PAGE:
In 1981 in the GDR Werner Teske was executed. An economics academic, he was recruited into the foreign intelligence arm of the Stasi, but later decided to attempt defection to the West. Found guilty of espionage and desertion after a one-day trial, he was the last person to receive the death penalty in Germany before it was abolished in 1987.
Director and writer Franziska Stünkel has taken the basic facts of Teske’s life as the basis for her latest feature, The Last Execution. She has deftly woven these in with the story of footballer Lutz Eigendorf who defected to the West and died under suspicious circumstances.
Stünkel has created a film that is moving, suspenseful, and intense. An intelligent screenplay forms the foundation of a masterful piece of cinematic work. At the heart is the emotional, psychological, and political, journey of one man, Dr Franz Walter. This sits within the framework of dirty espionage and its effects on, not just those targeted by it, but those who have to carry it out. And it also raises the question of what kind of State needs to carry out these nefarious activities in order to keep its citizens loyal.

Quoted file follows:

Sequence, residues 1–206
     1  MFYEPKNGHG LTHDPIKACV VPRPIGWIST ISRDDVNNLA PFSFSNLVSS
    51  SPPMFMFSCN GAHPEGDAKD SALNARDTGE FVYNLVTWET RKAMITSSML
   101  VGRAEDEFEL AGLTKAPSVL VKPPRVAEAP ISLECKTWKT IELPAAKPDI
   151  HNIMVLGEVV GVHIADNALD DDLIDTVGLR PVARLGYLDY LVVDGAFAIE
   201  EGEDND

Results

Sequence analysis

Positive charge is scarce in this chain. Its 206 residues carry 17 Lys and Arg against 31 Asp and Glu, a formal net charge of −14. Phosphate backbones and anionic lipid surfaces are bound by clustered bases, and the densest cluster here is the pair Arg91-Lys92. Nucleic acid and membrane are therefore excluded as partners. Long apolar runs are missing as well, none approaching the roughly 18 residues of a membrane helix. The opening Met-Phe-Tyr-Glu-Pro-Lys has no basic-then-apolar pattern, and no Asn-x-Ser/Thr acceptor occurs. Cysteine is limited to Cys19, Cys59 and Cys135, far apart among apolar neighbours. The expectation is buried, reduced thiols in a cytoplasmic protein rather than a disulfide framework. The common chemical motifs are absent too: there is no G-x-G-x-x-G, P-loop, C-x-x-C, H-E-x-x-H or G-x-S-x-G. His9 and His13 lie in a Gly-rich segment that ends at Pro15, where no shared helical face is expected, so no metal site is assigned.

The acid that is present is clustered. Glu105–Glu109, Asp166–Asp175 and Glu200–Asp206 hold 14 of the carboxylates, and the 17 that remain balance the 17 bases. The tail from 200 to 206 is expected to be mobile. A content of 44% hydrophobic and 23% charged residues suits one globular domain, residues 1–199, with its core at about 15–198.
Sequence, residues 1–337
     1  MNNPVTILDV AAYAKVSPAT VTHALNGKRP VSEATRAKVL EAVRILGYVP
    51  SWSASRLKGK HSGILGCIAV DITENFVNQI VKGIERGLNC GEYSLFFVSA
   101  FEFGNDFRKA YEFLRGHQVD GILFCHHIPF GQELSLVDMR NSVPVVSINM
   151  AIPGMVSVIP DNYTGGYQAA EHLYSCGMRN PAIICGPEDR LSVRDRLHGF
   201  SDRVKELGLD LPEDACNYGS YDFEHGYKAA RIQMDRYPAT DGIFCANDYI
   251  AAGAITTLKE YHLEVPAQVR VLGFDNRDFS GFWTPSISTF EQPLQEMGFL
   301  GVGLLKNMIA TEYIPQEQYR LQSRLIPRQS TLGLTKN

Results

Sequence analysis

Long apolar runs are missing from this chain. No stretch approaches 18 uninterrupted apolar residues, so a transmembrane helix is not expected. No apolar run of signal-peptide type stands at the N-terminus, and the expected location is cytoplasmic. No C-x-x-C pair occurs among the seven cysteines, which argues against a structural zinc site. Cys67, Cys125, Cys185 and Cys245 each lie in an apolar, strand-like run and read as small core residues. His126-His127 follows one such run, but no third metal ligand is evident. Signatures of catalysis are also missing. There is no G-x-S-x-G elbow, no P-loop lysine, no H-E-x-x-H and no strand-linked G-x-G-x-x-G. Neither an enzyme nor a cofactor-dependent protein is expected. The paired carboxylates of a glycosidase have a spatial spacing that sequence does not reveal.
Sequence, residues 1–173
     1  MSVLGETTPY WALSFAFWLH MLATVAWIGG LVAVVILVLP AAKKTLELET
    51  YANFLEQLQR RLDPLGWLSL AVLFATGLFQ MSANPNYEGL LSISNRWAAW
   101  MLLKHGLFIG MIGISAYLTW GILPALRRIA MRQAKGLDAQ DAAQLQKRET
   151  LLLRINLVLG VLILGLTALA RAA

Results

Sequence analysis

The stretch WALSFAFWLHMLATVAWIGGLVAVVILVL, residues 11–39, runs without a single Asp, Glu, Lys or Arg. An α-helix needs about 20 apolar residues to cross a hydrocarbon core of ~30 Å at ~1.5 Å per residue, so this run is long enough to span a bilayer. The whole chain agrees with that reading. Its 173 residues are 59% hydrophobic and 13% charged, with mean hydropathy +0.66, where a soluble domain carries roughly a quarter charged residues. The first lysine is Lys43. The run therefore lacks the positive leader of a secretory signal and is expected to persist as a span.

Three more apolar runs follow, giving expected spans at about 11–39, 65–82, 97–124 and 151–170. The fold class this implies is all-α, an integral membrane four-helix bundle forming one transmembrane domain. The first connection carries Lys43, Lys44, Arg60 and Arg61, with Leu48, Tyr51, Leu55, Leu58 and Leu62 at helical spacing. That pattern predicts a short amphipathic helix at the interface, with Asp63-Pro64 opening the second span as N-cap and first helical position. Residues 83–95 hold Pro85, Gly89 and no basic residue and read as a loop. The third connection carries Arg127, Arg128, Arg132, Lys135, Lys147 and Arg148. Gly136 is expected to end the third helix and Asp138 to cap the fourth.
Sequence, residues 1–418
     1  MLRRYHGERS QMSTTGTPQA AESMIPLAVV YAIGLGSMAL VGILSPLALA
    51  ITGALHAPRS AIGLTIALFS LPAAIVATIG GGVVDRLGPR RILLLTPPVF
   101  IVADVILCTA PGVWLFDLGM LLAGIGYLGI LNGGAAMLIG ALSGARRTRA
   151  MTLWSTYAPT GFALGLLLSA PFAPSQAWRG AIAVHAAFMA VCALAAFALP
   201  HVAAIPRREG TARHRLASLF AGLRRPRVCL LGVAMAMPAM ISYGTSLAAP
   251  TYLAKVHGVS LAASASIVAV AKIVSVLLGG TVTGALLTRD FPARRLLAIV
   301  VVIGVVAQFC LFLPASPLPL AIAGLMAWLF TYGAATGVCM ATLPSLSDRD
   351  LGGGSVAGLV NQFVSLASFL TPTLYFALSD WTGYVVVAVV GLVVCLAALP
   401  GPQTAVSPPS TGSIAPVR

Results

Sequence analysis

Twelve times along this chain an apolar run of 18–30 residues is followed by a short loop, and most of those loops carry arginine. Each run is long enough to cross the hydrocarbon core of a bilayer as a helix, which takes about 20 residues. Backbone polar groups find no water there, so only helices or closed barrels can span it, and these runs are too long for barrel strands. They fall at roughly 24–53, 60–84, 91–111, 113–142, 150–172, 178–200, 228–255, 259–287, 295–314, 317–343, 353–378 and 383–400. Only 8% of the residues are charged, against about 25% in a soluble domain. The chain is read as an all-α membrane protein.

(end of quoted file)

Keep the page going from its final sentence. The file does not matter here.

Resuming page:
Lars Eidinger gives a powerhouse performance as Walter. His vulnerability and inner conflict jump viscerally from the screen. Particularly powerful are the scenes between him and Luise Heyer as Corina Walter, his wife. Stünkel’s direction gives her actors plenty of room in which to occupy the screen space and take their time, all adding to authentic dramatic tension.
The entire cast is outstanding, including Devid Striesow, Christian Redl, and Hedi Kriegeskotte. Every characer, no matter how briefly on screen, adds to the depth and authenticity of the work.
Production design by Anke Osterloh has made the most of the GDR settings: brown, brown, and more brown! Many of the locations used were actual Stasi buildings and old East German sites.
The Last Execution is not an easy watch. Nor is it meant to be. It is both an historic re-examination, and a very contemporary deconstruction of the role of the State in private lives. And despite the somewhat depressing subject-matter, it is also a gripping and exciting piece of cinema.
The Last Execution screens as part of the German Film Festival at Palace Nova Eastend and Prospect.
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